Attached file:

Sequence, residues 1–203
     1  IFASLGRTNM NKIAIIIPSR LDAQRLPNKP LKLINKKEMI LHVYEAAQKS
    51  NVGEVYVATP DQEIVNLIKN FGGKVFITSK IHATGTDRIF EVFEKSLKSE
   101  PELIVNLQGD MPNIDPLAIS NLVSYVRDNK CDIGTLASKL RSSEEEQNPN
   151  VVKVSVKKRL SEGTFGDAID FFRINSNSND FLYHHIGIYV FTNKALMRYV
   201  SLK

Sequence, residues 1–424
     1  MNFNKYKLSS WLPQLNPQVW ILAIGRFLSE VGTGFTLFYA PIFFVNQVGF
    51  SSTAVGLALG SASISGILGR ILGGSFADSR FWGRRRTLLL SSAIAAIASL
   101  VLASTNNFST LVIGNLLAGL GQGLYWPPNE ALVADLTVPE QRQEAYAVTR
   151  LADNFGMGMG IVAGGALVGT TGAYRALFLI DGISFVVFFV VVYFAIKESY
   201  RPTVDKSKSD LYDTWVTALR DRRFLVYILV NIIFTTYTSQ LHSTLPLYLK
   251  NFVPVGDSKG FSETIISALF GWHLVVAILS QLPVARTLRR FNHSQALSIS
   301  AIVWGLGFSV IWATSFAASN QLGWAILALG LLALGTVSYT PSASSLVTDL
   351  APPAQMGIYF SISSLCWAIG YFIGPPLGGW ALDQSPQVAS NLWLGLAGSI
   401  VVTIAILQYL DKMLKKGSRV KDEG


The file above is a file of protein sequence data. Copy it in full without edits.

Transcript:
Sequence, residues 1–203
     1  IFASLGRTNM NKIAIIIPSR LDAQRLPNKP LKLINKKEMI LHVYEAAQKS
    51  NVGEVYVATP DQEIVNLIKN FGGKVFITSK IHATGTDRIF EVFEKSLKSE
   101  PELIVNLQGD MPNIDPLAIS NLVSYVRDNK CDIGTLASKL RSSEEEQNPN
   151  VVKVSVKKRL SEGTFGDAID FFRINSNSND FLYHHIGIYV FTNKALMRYV
   201  SLK

Sequence, residues 1–424
     1  MNFNKYKLSS WLPQLNPQVW ILAIGRFLSE VGTGFTLFYA PIFFVNQVGF
    51  SSTAVGLALG SASISGILGR ILGGSFADSR FWGRRRTLLL SSAIAAIASL
   101  VLASTNNFST LVIGNLLAGL GQGLYWPPNE ALVADLTVPE QRQEAYAVTR
   151  LADNFGMGMG IVAGGALVGT TGAYRALFLI DGISFVVFFV VVYFAIKESY
   201  RPTVDKSKSD LYDTWVTALR DRRFLVYILV NIIFTTYTSQ LHSTLPLYLK
   251  NFVPVGDSKG FSETIISALF GWHLVVAILS QLPVARTLRR FNHSQALSIS
   301  AIVWGLGFSV IWATSFAASN QLGWAILALG LLALGTVSYT PSASSLVTDL
   351  APPAQMGIYF SISSLCWAIG YFIGPPLGGW ALDQSPQVAS NLWLGLAGSI
   401  VVTIAILQYL DKMLKKGSRV KDEG